Forget multitasking, try monotasking

Perhaps this schedule sounds familiar to you:

6:30 a.m. Wake up and check social media pages for what happened while I was sleeping (did not miss anything), feed the baby and get him dressed for the day.
7:00 a.m. Shower and get ready for work.
7:15 a.m. Prepare baby’s daycare bag, feed pets, make coffee and grab breakfast to go.
8:00 a.m. Arrive to work, read emails in inbox and respond to half.
8:30 am. Check voicemail messages and write them down to return later, a text message comes in that another shoe was destroyed by the dog.
9:00 a.m. Work on unfinished tasks from the previous day, open up Word document to start a new project.
9:10 a.m. An email comes in and pulls my attention away and I chose to respond quickly, alert on my cell phone goes off to say someone requested a meeting with me.
9:30 a.m. Return back to projects to have my office phone ring for a “quick question”.
10:00 a.m. Meeting with another staff member about an upcoming project.
10:30 a.m. Return back to my office and rack my brain trying to remember why I have an empty Word document opened up.
11:00 a.m. Respond to an URGENT email.
11:15 a.m. Finish sending email responses from this morning and read new emails.
11:45 a.m. Attempt to pick up on projects started yesterday.
12:00 p.m. LUNCH. Thank goodness…

And that is just my morning. Nothing completed or checked off my to-do list. Attention being pulled a billion ways and trying to maintain the balance. That is multi-tasking. But is that efficient? In today’s world, we are asking our brains to switch gears quite often. We stay in a constant state of “busyness” but can we be in a constant state of productivity when we are multi-tasking. My brain switched 24 gears in a 5 hour time span and yet one thing was marked off my list which was to respond to emails from the weekend but that task will never stay completed for long.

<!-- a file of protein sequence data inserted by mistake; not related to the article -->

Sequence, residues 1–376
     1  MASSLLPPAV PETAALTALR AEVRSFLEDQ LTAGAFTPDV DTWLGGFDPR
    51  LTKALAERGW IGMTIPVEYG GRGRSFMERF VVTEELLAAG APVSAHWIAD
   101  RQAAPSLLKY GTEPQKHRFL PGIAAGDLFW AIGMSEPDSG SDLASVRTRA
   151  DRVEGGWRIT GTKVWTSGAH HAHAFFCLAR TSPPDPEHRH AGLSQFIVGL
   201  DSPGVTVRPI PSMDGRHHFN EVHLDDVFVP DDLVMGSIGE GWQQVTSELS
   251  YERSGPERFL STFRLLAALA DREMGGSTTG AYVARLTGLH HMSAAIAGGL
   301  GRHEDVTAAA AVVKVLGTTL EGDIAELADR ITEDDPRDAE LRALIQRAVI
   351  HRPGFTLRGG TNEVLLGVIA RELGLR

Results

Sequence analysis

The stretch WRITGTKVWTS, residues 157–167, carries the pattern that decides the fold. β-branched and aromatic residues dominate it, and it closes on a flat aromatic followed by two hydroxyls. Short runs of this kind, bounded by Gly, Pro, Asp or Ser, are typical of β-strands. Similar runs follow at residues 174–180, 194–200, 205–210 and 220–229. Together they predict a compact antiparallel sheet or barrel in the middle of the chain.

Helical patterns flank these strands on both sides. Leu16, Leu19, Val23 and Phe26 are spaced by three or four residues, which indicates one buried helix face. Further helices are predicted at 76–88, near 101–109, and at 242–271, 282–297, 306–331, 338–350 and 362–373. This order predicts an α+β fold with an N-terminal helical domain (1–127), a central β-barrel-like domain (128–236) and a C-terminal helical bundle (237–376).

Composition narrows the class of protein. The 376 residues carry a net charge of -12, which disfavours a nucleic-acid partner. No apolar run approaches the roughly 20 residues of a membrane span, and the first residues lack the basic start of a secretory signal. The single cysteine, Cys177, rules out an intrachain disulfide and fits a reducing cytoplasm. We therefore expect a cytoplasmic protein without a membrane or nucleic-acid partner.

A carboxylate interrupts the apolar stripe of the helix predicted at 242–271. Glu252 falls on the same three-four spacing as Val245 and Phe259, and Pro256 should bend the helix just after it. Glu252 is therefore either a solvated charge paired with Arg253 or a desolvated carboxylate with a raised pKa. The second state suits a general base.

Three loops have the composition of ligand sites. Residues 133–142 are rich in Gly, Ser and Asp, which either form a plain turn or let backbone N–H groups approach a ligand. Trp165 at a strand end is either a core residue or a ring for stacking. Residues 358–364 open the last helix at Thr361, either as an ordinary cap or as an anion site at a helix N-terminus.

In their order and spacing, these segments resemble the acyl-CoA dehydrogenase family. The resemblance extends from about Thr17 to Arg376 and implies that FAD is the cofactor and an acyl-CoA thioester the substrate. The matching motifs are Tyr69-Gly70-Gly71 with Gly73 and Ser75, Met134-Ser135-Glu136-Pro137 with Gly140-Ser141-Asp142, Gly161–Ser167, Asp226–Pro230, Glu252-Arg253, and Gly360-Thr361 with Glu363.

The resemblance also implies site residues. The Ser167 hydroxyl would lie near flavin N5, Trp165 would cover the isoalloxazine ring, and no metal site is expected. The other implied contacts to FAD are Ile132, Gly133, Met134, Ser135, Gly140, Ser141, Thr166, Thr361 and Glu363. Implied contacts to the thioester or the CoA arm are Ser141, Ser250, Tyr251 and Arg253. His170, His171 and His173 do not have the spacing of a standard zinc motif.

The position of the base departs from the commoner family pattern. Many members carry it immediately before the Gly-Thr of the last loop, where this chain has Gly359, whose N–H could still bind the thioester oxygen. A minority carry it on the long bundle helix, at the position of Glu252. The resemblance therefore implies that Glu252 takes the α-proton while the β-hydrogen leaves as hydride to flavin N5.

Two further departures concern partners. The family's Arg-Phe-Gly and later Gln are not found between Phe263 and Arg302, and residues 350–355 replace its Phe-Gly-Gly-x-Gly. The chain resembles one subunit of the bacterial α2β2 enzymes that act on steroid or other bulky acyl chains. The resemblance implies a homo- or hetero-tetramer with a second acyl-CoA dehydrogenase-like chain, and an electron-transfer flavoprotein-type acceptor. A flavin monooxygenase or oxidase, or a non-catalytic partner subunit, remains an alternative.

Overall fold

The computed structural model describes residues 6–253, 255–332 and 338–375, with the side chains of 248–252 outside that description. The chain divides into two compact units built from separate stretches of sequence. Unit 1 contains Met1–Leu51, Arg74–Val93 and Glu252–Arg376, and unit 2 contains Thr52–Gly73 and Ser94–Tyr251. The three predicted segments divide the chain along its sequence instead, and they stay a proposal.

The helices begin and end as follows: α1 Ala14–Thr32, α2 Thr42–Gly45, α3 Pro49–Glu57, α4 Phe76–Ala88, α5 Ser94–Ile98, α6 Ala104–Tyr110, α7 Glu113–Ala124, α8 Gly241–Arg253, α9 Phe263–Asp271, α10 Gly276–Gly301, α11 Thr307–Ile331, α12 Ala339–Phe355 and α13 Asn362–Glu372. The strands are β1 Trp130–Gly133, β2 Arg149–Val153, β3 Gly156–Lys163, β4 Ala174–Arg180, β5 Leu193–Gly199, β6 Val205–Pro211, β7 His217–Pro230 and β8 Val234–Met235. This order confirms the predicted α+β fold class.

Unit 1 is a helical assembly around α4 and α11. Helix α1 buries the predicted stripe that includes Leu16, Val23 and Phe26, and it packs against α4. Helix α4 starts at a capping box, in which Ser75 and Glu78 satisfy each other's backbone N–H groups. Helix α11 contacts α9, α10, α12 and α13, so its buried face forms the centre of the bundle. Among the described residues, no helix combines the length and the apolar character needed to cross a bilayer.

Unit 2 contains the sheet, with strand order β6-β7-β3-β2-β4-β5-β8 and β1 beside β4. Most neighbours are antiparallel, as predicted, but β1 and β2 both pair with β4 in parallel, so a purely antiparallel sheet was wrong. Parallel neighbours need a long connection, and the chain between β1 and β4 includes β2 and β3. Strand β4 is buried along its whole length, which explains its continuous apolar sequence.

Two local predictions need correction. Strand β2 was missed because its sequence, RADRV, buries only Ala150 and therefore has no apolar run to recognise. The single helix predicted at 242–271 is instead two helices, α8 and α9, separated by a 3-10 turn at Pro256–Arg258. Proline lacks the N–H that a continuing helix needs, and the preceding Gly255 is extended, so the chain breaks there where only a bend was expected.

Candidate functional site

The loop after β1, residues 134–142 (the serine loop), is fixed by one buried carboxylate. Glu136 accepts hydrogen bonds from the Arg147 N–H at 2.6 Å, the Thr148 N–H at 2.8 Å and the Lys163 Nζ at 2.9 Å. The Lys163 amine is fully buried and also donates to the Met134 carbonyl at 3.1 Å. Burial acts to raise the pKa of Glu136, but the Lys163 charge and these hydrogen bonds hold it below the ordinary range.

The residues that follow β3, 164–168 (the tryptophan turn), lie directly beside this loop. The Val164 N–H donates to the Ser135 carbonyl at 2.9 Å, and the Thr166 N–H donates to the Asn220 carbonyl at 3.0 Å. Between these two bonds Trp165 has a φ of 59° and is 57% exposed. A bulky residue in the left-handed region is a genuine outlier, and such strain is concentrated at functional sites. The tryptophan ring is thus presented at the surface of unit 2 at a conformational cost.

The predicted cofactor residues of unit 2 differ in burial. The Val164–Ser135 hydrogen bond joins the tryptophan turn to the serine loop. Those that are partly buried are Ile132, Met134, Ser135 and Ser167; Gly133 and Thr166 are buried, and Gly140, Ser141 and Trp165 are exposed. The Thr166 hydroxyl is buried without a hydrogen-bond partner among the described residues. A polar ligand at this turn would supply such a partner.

There is a better way to balance staying busy and being productive but it forces you to get rid of distractions. It’s called mono-tasking. It is the exact opposite of multi-tasking and it forces us to focus solely on one task at a time without interruptions.

I amaze myself every single time how much I can get done when I put all my effort into ONE thing and ONE thing only. My brain appreciates being able to focus on the one thing for 25 minutes, take a 5-minute break, jump back in for another 25 minutes. Feeling productive instead of feeling busy is an amazing feeling.

So why is mono-tasking important? Watch this Ted Talk to learn the answer.


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